Adventure Travel

Tbilisi (GE) – Camp Sevan (AM) – Day 8 of the Caucasian Challenge 2014 – Welcome to Armenia!

After a full day of resting, on the eighth day of our adventure in the Caucasus we were full of energy, and prepared to say goodbye to lovely Georgia.

Camping at Lake Sevan
Setting up camp at Lake Sevan, Armenia

The only ones who stayed behind were the guys from Rabbit Software, who decided to wait for their companions. The rest of us continued our journey to Lake Sevan, Armenia. And boy, it was quite an adventure! 

Soon after leaving Tbilisi, The Travel Scientists picked up a couple of young hitchhikers. They told us how they had set out on a long adventure, hitchhiking through Europe and Asia, from Germany all the way to China. That is a hell of a long journey! We really enjoyed their company and we got to live through the horrors of Georgian roads together.

Crossing the border from Georgia to Armenia is usually one of the most dreadful stages of our trip. On the Georgian side the process is fast; but the problems begin when you’re on the Armenian side. Everything here is done manually and this makes the process take hours.

In our past adventures we always designated someone to take care of the paperwork. This unlucky person would get the task of running around from one office to another, queuing for ages and collecting approvals, signatures and stamps, trying to communicate with the Armenian customs representatives and paying God knows what kind of fees. Everything pretty much happens in sign language around here. They point to where you need to go, you nod and go. They ask for money, you pay. Resistance is futile. Trying to understand what’s going on is a complete waste of time. Don’t get us wrong, they’re pretty decent. The only problem is that it takes hours to get things done. The good part is that everyone else besides the person walking around with papers gets to sit around and enjoy a drink in the shade.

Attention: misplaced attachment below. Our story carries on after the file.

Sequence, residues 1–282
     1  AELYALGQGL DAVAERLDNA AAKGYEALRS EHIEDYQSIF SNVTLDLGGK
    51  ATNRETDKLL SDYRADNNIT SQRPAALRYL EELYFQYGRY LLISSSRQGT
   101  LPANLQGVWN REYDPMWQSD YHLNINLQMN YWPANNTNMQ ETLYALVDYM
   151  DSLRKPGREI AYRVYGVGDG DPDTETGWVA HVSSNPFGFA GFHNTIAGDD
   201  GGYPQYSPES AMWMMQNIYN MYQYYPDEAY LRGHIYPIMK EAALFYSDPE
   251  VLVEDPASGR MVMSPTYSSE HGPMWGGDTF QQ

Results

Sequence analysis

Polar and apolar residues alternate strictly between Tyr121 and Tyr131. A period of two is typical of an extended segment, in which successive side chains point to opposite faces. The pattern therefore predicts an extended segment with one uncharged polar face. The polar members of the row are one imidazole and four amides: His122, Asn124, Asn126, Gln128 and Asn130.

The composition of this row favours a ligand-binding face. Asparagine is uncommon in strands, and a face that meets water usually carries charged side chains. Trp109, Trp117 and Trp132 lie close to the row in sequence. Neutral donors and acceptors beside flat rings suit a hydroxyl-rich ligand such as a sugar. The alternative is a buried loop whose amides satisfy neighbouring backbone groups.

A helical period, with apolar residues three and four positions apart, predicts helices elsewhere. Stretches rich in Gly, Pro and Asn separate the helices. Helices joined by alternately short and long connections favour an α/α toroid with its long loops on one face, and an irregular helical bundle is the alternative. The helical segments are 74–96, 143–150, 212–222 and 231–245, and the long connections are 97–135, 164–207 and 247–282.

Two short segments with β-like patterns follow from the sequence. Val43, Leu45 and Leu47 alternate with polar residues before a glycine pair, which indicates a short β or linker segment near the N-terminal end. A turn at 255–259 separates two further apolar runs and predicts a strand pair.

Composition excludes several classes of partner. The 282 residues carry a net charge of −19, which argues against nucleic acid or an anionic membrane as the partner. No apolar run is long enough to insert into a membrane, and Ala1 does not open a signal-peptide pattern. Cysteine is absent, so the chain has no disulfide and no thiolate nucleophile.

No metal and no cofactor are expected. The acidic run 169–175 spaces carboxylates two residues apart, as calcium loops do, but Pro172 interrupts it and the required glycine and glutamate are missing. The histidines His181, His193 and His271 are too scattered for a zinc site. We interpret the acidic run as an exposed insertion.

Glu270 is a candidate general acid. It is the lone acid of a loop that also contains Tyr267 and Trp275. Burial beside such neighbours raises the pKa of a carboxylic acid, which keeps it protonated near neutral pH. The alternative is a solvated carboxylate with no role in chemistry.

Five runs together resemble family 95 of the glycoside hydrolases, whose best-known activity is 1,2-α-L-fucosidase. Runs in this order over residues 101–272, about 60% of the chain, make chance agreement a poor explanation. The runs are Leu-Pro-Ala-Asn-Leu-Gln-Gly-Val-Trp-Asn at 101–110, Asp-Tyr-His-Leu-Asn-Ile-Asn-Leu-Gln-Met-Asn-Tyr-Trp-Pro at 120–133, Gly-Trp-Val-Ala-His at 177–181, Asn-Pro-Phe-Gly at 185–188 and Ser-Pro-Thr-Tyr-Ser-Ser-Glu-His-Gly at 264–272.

This year it was different. We crossed the border in 45 minutes and it was shocking how fast it went, compared to other years! Don’t worry, it was not because they actually improved the system; it was an exception and it most likely won’t happen again anytime soon.

German Hitchhikers
The Travel Scientists picked up a couple of German hitchhikers traveling from Munich to China

Once this challenge was over too, we stopped to have lunch in Ijevan, where we ate some delicious fresh-caught trout. Some of us got to try a traditional Armenian drink – tut – which is basically the local version of chacha.

We continued our journey to Dilijan, and then to Berd. Every year, finding the road to Berd is a task that gives us headaches. Of course, we got lost… Again. And we have the overly helpful and protective local folk to thank for that, because when we stopped to ask for directions they pointed us to a shorter, faster route, which was less adventurous than the one we were used to. More surprises awaited us before we reached Lake Sevan, as the last tunnel we were supposed to go through – opened just one year ago – was now closed for repairs. We had to make another detour.

But even with all these unexpected delays, we were still the first ones to reach the final destination for today. The two Dutch teams arrived after us, followed by the Danish ones. The Hungarians did not reach the camp, and the Germans decided to stay at a hotel nearby.

As the night approached, we set up a campfire by the beach. Next thing we knew the Danish got a pair of speakers and quickly assembled a mobile discotheque. They even had a laser show, and we were all very impressed! Then the Dutch team cooked and offered us a bite from their delicious dinner, right after they taught us how to make a long-lasting campfire using an aluminum can, some sand and a little bit of gasoline. It was a little trick they had picked up during one of their trips to Sahara, they told us.

After all the stories we shared and the fun we had, this turned out to be one of the best nights we had this year, once again proving that these rallies are about more than just driving in the Caucasus.